- Layer different preventative techniques. Don't assume that one fix is enough and have a contingency plan for is a bot does get past your defenses.
Trend #3: Moving to SSL
Another major trend for 2017 will be the push for secure socket layer (SSL or HTTPS) traffic for everything. This has been an important shift for security in the last few years. Previously, SSL was only considered important for highly sensitive data, but a few things have pushed us into a world where regular HTTP traffic is considered unsecure.
Man in the Middle
First, a number of tools have come out that make watching the traffic of someone else on your network very easy to do. This allows a person to see the sites you are visiting and even steal your username and password. This is generally referred to as a man-in-the-middle attack resulting in session hijacking. Traffic over HTTPS helps to protect against that because your browser and the server are essentially communicating via a secret language that only they can understand.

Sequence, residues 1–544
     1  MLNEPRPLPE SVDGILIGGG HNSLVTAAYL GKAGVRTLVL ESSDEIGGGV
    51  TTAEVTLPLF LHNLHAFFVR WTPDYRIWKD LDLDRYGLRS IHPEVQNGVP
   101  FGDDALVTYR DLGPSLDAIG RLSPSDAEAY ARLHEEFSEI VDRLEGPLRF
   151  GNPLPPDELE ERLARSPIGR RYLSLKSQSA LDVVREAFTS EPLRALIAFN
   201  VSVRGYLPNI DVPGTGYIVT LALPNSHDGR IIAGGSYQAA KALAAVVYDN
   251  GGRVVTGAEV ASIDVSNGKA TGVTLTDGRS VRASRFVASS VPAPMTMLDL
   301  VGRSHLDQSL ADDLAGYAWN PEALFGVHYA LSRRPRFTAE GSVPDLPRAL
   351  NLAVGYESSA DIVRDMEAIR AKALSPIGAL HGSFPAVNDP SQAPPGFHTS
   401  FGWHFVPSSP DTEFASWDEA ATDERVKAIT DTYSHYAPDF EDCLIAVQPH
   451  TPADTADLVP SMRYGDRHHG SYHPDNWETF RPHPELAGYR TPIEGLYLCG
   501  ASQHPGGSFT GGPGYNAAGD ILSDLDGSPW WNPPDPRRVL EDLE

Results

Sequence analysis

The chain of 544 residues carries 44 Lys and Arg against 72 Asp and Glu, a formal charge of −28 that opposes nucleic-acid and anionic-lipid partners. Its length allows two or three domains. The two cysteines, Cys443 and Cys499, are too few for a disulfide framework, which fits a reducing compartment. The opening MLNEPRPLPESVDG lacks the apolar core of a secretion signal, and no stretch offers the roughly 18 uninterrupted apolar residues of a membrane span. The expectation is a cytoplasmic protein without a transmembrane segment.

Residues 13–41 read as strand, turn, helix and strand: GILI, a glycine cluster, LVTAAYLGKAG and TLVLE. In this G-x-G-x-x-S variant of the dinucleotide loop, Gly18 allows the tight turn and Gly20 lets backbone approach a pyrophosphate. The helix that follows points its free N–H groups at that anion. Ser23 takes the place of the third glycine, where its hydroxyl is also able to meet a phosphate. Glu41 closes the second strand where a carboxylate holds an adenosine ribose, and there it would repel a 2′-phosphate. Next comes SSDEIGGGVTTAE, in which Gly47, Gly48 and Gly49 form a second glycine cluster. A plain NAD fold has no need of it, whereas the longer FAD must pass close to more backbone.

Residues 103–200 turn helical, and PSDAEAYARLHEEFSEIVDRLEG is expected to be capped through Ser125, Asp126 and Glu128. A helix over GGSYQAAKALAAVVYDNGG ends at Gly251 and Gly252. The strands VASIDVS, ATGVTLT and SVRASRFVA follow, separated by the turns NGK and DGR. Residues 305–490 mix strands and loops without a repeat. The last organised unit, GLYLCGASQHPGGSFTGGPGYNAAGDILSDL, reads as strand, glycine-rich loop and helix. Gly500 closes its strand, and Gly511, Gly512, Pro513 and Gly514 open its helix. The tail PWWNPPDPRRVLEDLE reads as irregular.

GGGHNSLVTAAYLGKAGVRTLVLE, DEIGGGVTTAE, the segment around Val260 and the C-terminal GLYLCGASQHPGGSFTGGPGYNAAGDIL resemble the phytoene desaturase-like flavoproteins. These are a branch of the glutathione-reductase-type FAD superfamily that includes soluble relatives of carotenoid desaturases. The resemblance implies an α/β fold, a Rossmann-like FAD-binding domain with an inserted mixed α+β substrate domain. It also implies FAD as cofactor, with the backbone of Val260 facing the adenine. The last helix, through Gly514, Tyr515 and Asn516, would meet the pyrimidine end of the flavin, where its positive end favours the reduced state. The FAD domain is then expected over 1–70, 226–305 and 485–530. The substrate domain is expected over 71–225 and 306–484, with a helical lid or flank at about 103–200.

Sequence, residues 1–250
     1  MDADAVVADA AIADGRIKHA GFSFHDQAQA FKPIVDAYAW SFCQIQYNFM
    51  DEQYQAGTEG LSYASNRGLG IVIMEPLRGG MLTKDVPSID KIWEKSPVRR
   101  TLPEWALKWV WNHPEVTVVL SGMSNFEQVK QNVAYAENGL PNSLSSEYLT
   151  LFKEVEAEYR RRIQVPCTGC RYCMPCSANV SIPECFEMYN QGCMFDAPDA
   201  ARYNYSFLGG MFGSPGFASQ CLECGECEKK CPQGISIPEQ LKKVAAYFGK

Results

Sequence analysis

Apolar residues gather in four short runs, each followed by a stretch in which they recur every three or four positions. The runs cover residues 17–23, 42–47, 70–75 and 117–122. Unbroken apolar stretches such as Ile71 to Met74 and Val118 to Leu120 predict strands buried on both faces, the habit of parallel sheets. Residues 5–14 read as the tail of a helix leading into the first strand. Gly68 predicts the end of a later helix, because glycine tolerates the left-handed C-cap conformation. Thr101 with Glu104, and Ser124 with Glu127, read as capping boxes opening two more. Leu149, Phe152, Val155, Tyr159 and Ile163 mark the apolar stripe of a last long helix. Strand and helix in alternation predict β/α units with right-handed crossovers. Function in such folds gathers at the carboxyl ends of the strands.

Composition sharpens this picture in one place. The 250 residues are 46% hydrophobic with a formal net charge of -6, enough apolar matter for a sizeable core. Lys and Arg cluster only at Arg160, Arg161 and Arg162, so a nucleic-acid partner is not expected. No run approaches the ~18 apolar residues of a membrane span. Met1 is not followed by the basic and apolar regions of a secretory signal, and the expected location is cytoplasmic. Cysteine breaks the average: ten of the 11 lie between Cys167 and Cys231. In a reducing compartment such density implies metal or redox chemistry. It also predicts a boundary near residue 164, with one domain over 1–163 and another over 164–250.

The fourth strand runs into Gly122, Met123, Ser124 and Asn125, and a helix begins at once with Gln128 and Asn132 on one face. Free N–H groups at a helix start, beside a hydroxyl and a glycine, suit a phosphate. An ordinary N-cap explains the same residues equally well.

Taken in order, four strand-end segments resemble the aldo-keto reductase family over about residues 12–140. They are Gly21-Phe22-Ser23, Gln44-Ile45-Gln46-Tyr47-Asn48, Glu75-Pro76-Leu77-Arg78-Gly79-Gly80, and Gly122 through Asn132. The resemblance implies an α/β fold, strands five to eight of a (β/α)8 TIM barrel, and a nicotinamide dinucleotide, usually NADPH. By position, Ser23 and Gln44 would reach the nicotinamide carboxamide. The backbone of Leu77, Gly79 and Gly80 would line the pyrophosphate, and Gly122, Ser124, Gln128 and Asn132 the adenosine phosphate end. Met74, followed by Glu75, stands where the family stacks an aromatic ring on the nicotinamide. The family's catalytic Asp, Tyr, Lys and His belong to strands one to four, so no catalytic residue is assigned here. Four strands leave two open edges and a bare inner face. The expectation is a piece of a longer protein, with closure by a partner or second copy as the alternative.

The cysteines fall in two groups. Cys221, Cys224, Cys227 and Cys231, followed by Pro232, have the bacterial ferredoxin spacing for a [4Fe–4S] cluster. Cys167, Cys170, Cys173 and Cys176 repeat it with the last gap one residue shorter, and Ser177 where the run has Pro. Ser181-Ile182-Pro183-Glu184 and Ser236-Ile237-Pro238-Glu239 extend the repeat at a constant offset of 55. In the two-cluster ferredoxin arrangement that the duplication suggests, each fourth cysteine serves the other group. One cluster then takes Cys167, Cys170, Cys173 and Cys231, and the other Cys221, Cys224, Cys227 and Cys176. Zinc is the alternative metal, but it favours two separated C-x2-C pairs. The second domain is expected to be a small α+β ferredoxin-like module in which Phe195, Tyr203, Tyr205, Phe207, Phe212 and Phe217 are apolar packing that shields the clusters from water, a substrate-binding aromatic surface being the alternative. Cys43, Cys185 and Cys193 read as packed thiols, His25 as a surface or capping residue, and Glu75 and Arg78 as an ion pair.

Man on the Side
Second, browsers pulling in content over regular HTTP can't 100% confirm where the content they’re displaying came from. There have been a few complicated attacks over the past few years where malware was sent to site visitors instead of the assets they were expecting. This is generally referred to as a man-on-the-side attack. The attempted attack on GitHub in 2015 is an example of this. Moving towards HTTPS traffic gives the browser certainty that the content it received is the one it was expecting.
Pushing the Transition
If you’re thinking all of that sounds scary, you're not alone. Google agrees and has started to roll out changes to the Chrome browser—you've probably noticed that grayed out "not secure" message near the URL. Additionally, if you log in to a site over regular HTTP, you may also notice a red "not secure" message. This is meant to push websites towards SSL, and it’s only the start. Google has announced additional plans to clearly mark all traffic as not secure going forward.
What You Can Do
- Work with your hosting provider or website developer to purchase an SSL certificate from a reputable vendor.